Preference shares and how are these important in company insolvency

In a limited company, there are two primary types of shareholders: ordinary shareholders and preference shareholders. Ordinary shareholders receive “common” stock, while preference shareholders are issued “preferred” stock. Preference shares are typically prevalent in larger companies, especially those that have secured external investments.


Distinctions between preferred stock and common stock

Both types of shareholders hold a stake in the company and can receive dividends. However, there are notable distinctions between them. Preferred shareholders lack the entitlement to vote at shareholder meetings, leaving key decisions about the company’s operation to be made without their participation.


Shareholders and dividends

Holding preferred stock comes with distinct advantages. Firstly, preferred shareholders typically enjoy a fixed dividend, unrelated to the company’s performance. This provides investors with a level of certainty regarding the dividends they can expect at specified times, although they won’t benefit from potential increases in dividends if the company thrives over an extended period.

While a fixed amount doesn’t guarantee regular intervals for dividend payouts, it’s crucial to note that preferred shareholders must receive their dividends before common stockholders

If no dividends are issued during a period, neither preferred nor ordinary shareholders receive anything. For cumulative preferred shareholders, missed dividends can be rolled over and paid when the next dividends are announced. However, non-cumulative preferred shareholders miss out on payments if a dividend is skipped.


Shareholders and company liquidation

In the event of company liquidation, the advantage of holding preferred stock becomes evident. If the company faces financial difficulties and opts for a formal liquidation procedure, preferred shareholders take precedence over ordinary shareholders when it comes to receiving payment. However, all shareholders must await payment until secured, unsecured, and preferential creditors have been settled. Unfortunately, in an insolvent liquidation, there are often no remaining funds in the company once these liabilities are cleared.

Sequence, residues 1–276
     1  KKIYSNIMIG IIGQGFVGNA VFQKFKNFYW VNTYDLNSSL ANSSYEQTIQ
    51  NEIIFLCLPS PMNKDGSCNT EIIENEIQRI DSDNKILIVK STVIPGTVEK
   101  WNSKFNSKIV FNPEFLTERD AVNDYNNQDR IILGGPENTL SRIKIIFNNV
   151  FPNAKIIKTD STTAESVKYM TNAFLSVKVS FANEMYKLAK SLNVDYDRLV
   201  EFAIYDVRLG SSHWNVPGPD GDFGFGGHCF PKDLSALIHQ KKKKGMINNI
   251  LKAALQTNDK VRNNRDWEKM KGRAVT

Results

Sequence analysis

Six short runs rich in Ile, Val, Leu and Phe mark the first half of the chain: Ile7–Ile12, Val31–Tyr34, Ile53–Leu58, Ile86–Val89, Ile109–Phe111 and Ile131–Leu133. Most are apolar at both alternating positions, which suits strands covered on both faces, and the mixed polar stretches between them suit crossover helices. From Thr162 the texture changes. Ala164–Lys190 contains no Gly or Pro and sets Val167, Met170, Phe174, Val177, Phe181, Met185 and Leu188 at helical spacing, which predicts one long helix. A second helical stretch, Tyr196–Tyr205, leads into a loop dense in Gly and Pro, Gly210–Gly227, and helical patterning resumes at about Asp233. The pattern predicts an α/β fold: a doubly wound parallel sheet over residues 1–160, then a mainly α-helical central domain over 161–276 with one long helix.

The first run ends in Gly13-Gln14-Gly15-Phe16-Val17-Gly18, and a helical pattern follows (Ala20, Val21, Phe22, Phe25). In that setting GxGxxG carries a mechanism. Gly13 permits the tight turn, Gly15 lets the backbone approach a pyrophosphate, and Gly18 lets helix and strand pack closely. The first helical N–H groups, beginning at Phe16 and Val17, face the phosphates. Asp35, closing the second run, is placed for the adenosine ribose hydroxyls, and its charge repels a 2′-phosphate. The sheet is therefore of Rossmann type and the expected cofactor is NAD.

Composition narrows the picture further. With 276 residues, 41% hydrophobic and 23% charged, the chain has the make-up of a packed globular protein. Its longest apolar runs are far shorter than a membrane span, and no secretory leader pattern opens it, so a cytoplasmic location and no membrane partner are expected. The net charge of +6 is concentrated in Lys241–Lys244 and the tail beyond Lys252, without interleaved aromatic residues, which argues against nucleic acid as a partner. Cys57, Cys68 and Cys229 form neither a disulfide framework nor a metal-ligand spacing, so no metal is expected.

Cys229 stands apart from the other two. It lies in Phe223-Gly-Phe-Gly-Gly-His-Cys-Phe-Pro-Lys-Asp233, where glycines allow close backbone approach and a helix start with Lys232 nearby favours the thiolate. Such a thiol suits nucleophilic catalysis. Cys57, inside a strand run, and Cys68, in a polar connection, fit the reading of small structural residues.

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How does Vanguard Insolvency help?

If you’re contemplating liquidation and uncertain about how the company’s structure may impact the process, reach out to Vanguard Insolvency today. We’ll guide you through the available options, collaborating to select the most suitable path for you and your business. Call our expert advisers now to schedule a free, no-obligation consultation with a licensed insolvency practitioner at one of our 100 national offices.

David Jackson MD
Senior Partner at Vanguard Insolvency Practitioners | Website

I am an insolvency professional with a distinguished career specialising in commercial insolvency, adeptly navigating Creditors Voluntary Liquidation, Company Voluntary Arrangements, and Company Administrations. With a comprehensive understanding of insolvency laws and an unwavering commitment to ethical practices.